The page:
Antimicrobial Screening of Mentha piperita Essential Oils
Essential oils of peppermint mint L. (Lamiaceae), that ar employed in flavors, fragrances, and prescription drugs, were investigated for his or her antimicrobial properties against twenty one human and plant unhealthful microorganisms. The bioactivity of the oils lotion and menthone was compared victimization the mixture of in vitro techniques like microdilution, agar diffusion, and bioautography. it absolutely was shown that each one of the peppermint oils screened powerfully repressed plant unhealthful microorganisms, whereas human pathogens were solely moderately repressed. Chemical compositions of the oils were analyzed by gigacycle per second and GC/MS. victimization the bioautography assay, lotion was found to be accountable for the antimicrobial activity of those oils. 
A review of the bioactivity and potential health benefits of peppermint tea (Mentha piperita L.)
Peppermint (Mentha piperita L.) is one amongst the foremost wide consumed single ingredient flavoring teas, or tisanes. Peppermint tea, brewed from the plant leaves, and also the volatile oil of peppermint are utilized in ancient medicines. Evidence‐based analysis relating to the bioactivity of this herb is reviewed. The phenolic resin constituents of the leaves embrace rosmarinic acid and a number of other flavonoids, primarily eriocitrin, luteolin and hesperidin. the most volatile parts of the volatile oil are lotion and menthone. In vitro, peppermint has vital antimicrobial and antiviral activities, robust inhibitor and growth actions, and a few antiallergenic potential. Animal model studies demonstrate a relaxation result on duct (GI) tissue, analgesic and anesthetic effects within the central and peripheral systema nervosum, immunomodulating actions and chemopreventive potential. 
Effects of essential oil from mint (Mentha piperita) on Salmonella enteritidis and Listeria monocytogenes in model food systems at 4° and 10°C
The result of mint (Mentha piperita) oil (0•5, 1•0, 1•5 and 2•0%, v/w) on Salmonella enteritidis and L. monocytogenes in a very substance and 3 model foods; tzatziki (pH 4•5), taramosalata (pH 5•0) and pâté (pH 6•8), inoculated at 107 cfu g‐1, at 4° and one0°C for ca 1 week was studied. within the substance supplemented with the oil, no growth was determined over two d at 30°C determined by a electrical phenomenon technique with a Malthus 2000 growth analyzer. Salmonella enteritidis died in tzatziki all told treatments and declined within the different foods apart from pâté at 10°C as judged with viable counts. L. monocytogenes populations showed a declining trend towards the tip of the storage amount however was exaggerated in pâté.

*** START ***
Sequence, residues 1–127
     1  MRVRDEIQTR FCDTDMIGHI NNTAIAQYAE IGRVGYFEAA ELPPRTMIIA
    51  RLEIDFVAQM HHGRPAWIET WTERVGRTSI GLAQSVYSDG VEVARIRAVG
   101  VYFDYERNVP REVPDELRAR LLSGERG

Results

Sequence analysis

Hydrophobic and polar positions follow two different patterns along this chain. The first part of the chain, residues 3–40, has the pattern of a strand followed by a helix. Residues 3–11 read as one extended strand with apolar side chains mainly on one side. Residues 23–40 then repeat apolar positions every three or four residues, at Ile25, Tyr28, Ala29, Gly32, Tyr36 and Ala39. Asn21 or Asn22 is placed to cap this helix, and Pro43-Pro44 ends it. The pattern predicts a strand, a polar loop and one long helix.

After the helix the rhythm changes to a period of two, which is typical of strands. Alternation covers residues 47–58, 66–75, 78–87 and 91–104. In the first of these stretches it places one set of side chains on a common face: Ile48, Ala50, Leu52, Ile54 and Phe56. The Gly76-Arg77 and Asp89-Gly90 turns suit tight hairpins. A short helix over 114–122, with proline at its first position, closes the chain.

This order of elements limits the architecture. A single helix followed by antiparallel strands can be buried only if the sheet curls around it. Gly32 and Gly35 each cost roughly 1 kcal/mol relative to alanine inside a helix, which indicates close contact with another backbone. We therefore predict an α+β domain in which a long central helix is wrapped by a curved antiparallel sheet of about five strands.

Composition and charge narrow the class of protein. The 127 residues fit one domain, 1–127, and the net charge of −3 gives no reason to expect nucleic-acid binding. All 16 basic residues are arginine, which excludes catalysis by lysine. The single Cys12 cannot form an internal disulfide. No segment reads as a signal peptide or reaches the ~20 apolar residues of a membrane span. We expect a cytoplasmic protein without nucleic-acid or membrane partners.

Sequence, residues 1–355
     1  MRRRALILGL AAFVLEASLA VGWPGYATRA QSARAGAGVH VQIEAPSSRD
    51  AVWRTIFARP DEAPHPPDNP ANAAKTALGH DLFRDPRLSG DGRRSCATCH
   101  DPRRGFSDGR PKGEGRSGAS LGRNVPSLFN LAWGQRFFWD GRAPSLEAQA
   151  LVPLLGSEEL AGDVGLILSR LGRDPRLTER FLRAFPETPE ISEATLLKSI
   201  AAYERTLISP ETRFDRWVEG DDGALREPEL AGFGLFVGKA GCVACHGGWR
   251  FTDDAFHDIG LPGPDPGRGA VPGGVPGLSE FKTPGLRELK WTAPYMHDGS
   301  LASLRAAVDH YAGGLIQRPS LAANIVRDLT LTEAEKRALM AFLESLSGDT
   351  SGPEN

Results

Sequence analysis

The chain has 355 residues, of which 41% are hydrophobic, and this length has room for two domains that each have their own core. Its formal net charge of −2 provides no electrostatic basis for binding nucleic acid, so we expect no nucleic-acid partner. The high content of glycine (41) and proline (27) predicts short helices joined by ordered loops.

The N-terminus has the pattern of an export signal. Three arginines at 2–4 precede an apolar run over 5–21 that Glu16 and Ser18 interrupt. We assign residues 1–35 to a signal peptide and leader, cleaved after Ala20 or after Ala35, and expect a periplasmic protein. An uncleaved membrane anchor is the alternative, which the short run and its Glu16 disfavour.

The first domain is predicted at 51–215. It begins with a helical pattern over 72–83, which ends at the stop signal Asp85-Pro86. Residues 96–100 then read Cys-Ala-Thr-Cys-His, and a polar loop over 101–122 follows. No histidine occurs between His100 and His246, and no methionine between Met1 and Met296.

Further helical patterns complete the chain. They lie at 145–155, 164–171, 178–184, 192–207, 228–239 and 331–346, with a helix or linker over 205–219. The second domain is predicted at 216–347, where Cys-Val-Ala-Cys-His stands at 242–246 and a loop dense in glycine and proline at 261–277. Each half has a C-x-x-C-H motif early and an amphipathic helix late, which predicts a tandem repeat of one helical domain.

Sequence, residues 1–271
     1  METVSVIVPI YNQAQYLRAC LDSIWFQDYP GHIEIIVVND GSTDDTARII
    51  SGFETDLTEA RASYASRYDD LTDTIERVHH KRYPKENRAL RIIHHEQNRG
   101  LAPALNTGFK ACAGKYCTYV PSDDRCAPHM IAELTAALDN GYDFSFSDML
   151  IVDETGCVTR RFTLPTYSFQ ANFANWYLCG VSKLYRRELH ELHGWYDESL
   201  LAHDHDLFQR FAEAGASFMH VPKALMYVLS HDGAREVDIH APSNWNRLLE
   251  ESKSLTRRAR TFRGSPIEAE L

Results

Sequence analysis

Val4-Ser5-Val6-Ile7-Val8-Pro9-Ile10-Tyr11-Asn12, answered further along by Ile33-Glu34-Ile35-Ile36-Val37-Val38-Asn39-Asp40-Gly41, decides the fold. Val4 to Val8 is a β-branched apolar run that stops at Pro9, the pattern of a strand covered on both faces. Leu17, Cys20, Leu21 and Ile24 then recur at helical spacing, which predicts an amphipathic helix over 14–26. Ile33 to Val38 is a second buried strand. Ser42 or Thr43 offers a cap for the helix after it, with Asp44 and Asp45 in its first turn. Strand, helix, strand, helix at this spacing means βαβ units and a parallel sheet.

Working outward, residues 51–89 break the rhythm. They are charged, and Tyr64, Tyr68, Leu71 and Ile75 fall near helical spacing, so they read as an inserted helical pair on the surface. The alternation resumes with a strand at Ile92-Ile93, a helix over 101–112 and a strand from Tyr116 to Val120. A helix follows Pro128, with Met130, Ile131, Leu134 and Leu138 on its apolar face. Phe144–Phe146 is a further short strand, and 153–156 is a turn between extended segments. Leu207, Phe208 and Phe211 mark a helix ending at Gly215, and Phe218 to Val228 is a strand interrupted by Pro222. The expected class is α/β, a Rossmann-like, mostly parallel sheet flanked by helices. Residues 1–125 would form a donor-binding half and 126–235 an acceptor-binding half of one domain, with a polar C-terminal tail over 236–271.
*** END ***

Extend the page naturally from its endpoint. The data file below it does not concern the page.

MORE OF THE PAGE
Identification of an Artefact on Chromatograms of the Keto-acid 2,4-Dinitro-phenylhydrazones
DURING a study of plant keto-acids dispensed by one in every of US (G. H. N. T.) below the direction of faculty member. F. C. Steward at university, associate degree unknown substance, hereafter selected compound I, was found within the keto-acid fraction of all plant tissues examined1. This substance was isolated in crystalline kind (sint. 206°, decomp. 214°) from the keto-acid dinitrophenylhydrazone fraction of mint leaves by extraction from associate degree corundum column with one per cent salt. Its position on chromatograms was almost like that of the slower-moving spot of acid dinitrophenylhydrazone (Fig. 1, ref. 1). 
Evaluation of Antimicrobial Activity of Mentha piperita, Tragia involucrata (L) and Urtica massaica Used as Medicinal Plants in Tanzania
Aims: to judge antimicrobial activity of Mentha piperita, Tragia involucrata (L) and Urtica massaica used as medicative plants in United Republic of Tanzania.
Study Design: Experimental study was disbursed by victimization ninety six wells small dilution methodology.
Place and period of Study: This study was conducted at Dodoma University, Dodoma-Tanzania, between Apr and July 2017.
Methodology: Minimum repressive concentration of plants extracts against the tested microorganism and flora species determined by victimization ninety six wells small dilution methodology. 
 İşcan, G., Ki̇ri̇mer, N., Kürkcüoǧlu, M., Başer, H.C. and DEMIrci, F., 2002. Antimicrobial screening of Mentha piperita essential oils. Journal of agricultural and food chemistry, 50(14), (Web Link)
 McKay, D.L. and Blumberg, J.B., 2006. A review of the bioactivity and potential health benefits of peppermint tea (Mentha piperita L.). Phytotherapy Research: An International Journal Devoted to Pharmacological and Toxicological Evaluation of Natural Product Derivatives, 20(8), (Web Link)
 Tassou, C.C., Drosinos, E.H. and Nychas, G.J.E., 1995. Effects of essential oil from mint (Mentha piperita) on Salmonella enteritidis and Listeria monocytogenes in model food systems at 4 and 10 C. Journal of Applied Bacteriology, 78(6), (Web Link)
 Identification of an Artefact on Chromatograms of the Keto-acid 2,4-Dinitro-phenylhydrazones
G. H. N. TOWERS & D. C. MORTIMER
Naturevolume 174, (Web Link)
 Abdiel Ndossi, B. and Kilonzo, M. (2017) “Evaluation of Antimicrobial Activity of Mentha piperita, Tragia involucrata (L) and Urtica massaica Used as Medicinal Plants in Tanzania”, European Journal of Medicinal Plants, 21(2), (Web Link)